Bill offhandedly mentioned that his time spent in Peru was clearly rewarding and he continues to enjoy corresponding with many of those he met and lived with. The editor’s attempt to enhance his experience with a frivolous comment [about savages, etc.] was misleading.

Paul Maffeo is happy with his purchase of a near-new Infinity Q50 SUV shortly after some idiot totaled his Landrover two weeks after the reunion. Paul is trying to bait me to create a story from one sentence he sent me about Firnstahl’s graduation party on Whidbey Island in 1958. I’m thinking about it. Something I didn’t know about him, although he contends that we shared the same barstool, he was an Army Intelligence Officer and served in Korea.

Robert Lewis continues to struggle with the loss of his beloved wife of fifty-three-years, Gloria, two years ago. Please say a prayer for both of them.

I didn’t realize it, but Larry McHugh and Pat Bader have been close friends since fourth grade at St. Catherine’s.

Dave Waltier e-mailed me that not only did his five kids graduate from Blanchet, they knew my brother, Fr. Gordie, well. His son, Zack, is currently coaching Seattle Prep football.

Dave Boulanger sent me an e-mail to catch up on what he was doing these many past years. He settled into far away, Chicago after college where he taught at the prestigious University of Chicago, Illinois, (UCI), pursued fundraising and served in elective office. fifteen years ago He and Mena met and befriended a young lady who had just graduated from Prep. they continue the Seattle Prep brotherhood in Chicago. Small world, Huh?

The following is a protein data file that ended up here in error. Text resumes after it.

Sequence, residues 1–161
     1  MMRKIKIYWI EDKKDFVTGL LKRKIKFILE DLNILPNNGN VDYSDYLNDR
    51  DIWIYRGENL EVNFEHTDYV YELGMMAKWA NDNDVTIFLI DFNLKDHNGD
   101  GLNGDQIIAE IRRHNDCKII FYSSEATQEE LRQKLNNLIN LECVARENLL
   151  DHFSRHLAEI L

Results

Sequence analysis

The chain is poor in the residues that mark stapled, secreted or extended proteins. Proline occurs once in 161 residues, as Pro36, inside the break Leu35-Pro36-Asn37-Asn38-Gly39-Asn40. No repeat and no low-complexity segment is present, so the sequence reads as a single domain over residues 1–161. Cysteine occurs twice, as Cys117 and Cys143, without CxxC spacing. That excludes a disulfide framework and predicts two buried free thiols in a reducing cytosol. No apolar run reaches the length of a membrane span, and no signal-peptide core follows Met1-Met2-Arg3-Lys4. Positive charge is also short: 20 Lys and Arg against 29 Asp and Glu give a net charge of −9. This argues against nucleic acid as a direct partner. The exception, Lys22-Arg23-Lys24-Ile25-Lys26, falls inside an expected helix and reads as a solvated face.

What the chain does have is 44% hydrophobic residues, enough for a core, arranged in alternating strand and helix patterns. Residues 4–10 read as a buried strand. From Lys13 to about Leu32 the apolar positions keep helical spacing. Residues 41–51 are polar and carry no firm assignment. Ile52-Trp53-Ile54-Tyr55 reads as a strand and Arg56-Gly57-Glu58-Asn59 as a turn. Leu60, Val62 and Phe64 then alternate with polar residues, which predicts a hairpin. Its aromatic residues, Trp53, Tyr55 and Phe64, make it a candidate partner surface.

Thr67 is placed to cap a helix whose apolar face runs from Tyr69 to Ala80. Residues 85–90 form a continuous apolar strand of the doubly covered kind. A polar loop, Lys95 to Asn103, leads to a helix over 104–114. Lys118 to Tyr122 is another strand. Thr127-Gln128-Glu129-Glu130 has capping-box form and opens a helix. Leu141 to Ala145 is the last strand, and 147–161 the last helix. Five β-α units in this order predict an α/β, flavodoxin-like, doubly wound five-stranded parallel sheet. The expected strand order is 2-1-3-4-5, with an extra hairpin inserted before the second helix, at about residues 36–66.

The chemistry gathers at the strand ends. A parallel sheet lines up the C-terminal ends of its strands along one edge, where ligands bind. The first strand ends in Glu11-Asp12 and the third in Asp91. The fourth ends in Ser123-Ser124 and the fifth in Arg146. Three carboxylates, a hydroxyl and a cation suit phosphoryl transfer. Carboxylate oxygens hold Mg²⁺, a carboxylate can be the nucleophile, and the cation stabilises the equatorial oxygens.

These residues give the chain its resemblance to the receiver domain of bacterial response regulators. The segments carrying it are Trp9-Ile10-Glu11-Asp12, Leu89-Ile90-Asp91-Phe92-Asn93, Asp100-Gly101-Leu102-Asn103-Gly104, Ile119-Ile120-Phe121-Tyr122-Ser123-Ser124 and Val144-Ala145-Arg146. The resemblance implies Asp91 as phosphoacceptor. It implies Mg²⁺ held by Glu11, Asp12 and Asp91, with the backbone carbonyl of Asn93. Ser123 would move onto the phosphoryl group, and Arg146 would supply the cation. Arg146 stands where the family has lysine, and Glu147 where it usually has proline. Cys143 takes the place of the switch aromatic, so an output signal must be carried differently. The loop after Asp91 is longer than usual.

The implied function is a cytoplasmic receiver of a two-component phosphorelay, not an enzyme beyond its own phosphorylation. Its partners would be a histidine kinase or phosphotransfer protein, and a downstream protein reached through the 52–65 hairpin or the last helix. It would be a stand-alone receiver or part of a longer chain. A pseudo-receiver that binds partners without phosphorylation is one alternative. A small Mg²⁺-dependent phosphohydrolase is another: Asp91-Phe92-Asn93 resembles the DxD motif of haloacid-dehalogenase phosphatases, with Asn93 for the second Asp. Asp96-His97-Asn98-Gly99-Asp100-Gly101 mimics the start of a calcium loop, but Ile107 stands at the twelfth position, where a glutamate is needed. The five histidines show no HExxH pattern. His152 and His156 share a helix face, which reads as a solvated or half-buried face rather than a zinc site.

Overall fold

Mike Garvey e-mailed me that they are expecting to see Dinndorf and his wife in April at their Scottsdale home.

Somebody told me that Jim Carrell, a mathematician, who lives in Vancouver BC, just published a new book, Groups, Matrices, and Vector Spaces. If you have an interest in mathematics and eighty bucks, enjoy.

Charlie Ralls and I reminisced over the phone for an hour about our Prep days and subsequent lives. I was a hoot, He’s got a hell of a memory. Sorry Dindorf, we both thought the reunion food sucked, but not your fault. I complained to Rall that I paid seventy-six buck for a plate lunch. He exclaimed, seventy-six bucks? I cost us two-hundred-twenty-five dollars and my wife doesn’t drink.

I asked, “Did you and Kelly play football for the U?” They did, Ralls was a short-lived frat-rat at Alpha Delta, and I was at Psi Upsilon less than three months before I broke ranks at paddling lineup, pulled up my britches, punched out the paddler and tossed his paddle through the stained glass window. Charlie added that he and Kelly were friends since the sixth grade.

We both commiserated over the fact that we entered Prep late, He as a sophomore, me as a senior. The downside to that was he got no respect until he was eligible to play football in his junior year and I felt shunned until my well-connected Holy Names girlfriend, Anne, broke the social ice for this frustrate ex-seminarian and fish out of the water.

Ralls blurted out, “Hey, Jake. I don’t know if many of the guys have read your book, Jake The Prodigal Son, but they should, they’d get a lot out of it. Oh, by the way, I just finished a book called, ‘The Boys in The Boat.” It’s about the UW crew, an eclectic collection of inexperienced, but driven students, loggers, ranchers and farmers who set out to win Gold in Hitler’s ’36 Olympics. Listening to Charlie, it evident that he’s still a jock. albeit a little older, a little slower in the body, but not in spirit. God bless ya, my friend.